Photodynamic Therapy as a Cancer Technology for Global Health

Oct 27, 2022
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About This Webinar
The World Health Organization recently reported that more than 60% of new cancer cases and 70% of cancer deaths each year occur in low- and middle-income countries (LMICs). In this context, photodynamic therapy (PDT) emerges as a promising candidate for cancer treatment. PDT is a light-based modality in which wavelength-specific activation of a photosensitizer is used to generate cytotoxic photochemical products in target tissue. This approach typically uses red or near-infrared light with irradiance in the range of tens of milliwatts per square centimeter and that can be produced using low-cost LED sources that can be engineered to deliver light to a variety of tumor sites. Celli discusses his group’s experience in the development of technology to enable PDT using aminolevulinic acid photosensitization for treatment of early-stage oral malignancy in India. He also briefly discusses the technology’s future challenges and opportunities for broader implementation for oral cancer treatment in India and its adaptation to treat other conditions globally.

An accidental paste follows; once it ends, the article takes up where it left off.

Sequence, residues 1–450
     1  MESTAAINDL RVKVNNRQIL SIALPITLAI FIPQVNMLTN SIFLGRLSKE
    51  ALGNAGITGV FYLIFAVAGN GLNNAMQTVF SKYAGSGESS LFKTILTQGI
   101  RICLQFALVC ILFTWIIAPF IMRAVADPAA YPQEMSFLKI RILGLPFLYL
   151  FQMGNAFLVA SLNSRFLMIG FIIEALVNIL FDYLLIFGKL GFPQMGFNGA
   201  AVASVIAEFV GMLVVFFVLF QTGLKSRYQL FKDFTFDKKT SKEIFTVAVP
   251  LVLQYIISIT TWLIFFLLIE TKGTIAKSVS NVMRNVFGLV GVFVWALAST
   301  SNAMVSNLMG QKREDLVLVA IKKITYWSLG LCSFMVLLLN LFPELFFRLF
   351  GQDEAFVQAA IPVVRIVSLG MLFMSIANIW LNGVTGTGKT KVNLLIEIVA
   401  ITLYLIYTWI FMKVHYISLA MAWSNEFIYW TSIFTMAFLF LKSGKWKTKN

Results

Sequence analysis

***This presentation premiered during the 2022 BioPhotonics Conference. For more information on Photonics Media conferences, visit  

About the presenter
Jonathan CelliJonathan Celli is associate professor of physics at the University of Massachusetts Boston (UMass Boston). His group is involved in multiple ongoing projects focused on the development of photodynamic therapy (PDT) for pancreatic and oral cancers. Celli’s research encompasses basic studies examining biological and biophysical determinants of PDT response, as well as development of PDT/imaging technologies, including instrumentation that is currently being used in the clinic. He is a member of the board of directors of the International Photodynamic Association and has been active in PDT research for more than 15 years. Prior to joining the faculty at UMass Boston, Celli was a postdoc and junior faculty member at the Wellman Center for Photomedicine at Massachusetts General Hospital, where he received a K99 Career Development Award from the National Cancer Institute.
LEDsLight SourcesBiophotonicscancerphotodynamic therapy
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